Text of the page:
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Source: The Conversation (Au and NZ) – By Yaqoot Fatima, Associate Professor, UQ Poche Centre for Indigenous Health, The University of Queensland


Adolescence is a sensitive life stage when emerging independence, changing social roles, excessive screen time, academic pressures, and significant biological changes can lead to emotional and behavioural problems.

The current generation of teens is chronically sleep-deprived and, unfortunately, considered the most sleep-deprived group in human history.

In teenagers, irregular bedtimes, short sleep duration and poor sleep quality are commonly reported sleep issues. These problems can cause emotional regulation issues, risky behaviour and academic disengagement. In the longer term, poor sleep can lead to obesity, health conditions (including diabetes), mental health problems, and risk taking behaviour.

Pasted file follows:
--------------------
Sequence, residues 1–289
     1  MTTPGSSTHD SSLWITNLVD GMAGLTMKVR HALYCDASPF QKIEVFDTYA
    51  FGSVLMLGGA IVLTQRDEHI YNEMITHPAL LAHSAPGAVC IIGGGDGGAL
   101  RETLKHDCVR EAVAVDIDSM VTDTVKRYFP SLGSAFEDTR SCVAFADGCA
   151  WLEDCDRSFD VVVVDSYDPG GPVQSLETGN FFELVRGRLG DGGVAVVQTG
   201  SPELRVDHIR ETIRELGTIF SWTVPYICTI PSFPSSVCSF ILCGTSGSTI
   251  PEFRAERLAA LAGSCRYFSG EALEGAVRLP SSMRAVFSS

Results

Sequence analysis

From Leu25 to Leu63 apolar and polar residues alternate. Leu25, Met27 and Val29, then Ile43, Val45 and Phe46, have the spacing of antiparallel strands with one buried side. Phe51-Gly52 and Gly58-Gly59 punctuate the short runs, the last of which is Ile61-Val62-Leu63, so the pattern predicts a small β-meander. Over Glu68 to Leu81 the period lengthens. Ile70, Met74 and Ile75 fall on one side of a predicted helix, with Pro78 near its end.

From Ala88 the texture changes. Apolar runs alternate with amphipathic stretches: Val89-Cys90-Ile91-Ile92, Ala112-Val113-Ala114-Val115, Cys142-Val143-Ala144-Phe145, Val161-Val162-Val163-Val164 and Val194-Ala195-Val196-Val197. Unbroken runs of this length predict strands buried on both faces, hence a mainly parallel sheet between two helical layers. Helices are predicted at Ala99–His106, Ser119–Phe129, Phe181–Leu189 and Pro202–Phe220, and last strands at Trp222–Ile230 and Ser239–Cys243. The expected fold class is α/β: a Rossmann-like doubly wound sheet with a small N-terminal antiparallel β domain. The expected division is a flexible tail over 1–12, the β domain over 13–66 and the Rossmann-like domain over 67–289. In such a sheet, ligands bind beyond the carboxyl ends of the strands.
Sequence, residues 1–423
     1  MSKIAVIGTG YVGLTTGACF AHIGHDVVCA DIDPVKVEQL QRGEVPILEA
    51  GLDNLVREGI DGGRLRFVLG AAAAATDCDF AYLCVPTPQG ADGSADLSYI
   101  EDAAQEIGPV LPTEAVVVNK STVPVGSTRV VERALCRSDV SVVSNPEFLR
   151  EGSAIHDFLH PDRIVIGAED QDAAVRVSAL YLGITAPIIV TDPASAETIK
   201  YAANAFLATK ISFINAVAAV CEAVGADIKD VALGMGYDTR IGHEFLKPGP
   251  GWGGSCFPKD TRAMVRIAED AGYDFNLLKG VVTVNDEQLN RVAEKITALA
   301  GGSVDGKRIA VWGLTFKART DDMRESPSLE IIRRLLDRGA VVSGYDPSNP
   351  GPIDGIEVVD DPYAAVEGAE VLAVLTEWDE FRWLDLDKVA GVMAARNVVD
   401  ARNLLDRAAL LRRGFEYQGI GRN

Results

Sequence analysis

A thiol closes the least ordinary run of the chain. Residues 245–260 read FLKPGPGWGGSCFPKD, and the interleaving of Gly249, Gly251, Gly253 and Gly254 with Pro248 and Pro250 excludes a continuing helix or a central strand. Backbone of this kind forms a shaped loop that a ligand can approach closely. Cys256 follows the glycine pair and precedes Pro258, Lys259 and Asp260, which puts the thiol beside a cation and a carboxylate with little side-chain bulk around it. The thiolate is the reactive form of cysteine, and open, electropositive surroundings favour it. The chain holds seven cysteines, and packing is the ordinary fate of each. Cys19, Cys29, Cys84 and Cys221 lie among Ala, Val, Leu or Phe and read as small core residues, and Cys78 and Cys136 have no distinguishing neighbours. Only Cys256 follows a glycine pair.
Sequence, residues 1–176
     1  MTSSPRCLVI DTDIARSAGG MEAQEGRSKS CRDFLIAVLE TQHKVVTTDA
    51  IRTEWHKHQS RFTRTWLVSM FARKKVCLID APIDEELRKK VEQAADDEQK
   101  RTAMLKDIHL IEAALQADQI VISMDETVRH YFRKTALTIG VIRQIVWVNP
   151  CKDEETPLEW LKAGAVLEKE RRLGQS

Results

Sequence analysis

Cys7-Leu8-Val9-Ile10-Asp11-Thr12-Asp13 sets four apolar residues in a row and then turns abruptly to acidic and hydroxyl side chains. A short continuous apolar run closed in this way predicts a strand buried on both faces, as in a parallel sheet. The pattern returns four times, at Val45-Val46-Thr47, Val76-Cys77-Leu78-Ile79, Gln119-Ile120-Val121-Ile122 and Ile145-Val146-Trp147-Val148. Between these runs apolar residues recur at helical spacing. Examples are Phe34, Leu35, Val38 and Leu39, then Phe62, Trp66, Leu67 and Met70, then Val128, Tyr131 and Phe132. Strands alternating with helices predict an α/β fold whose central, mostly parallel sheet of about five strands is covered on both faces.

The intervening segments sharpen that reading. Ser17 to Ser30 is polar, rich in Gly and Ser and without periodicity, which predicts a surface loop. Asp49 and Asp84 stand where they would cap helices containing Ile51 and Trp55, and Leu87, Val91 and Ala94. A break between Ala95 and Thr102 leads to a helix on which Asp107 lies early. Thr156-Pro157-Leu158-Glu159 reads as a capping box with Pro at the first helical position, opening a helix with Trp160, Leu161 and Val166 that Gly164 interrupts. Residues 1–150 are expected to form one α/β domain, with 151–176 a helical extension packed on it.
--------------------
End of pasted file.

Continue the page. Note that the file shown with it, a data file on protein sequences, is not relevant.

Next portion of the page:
The issue of poor sleep and its impact on life outcomes needs particular attention for Aboriginal and Torres Strait Islander teenagers who experience disproportionately high rates of poor outcomes in health, social and emotional well-being and education.

Sleep vulnerability

The ongoing effects of colonisation, intergenerational trauma, and other social determinants of health increase the vulnerability of Aboriginal and Torres Strait Islander teenagers to poor sleep. While some poor sleep issues are transient, continued exposure to racism, discrimination, household overcrowding and lack of safe sleeping spaces lead to chronic sleep issues.

Sleep health data for Aboriginal and Torres Strait Islander peoples is limited. Still, some studies suggest one in three young Aboriginal and Torres Strait Islander people struggle with poor sleep, significantly higher than their non-Indigenous counterparts.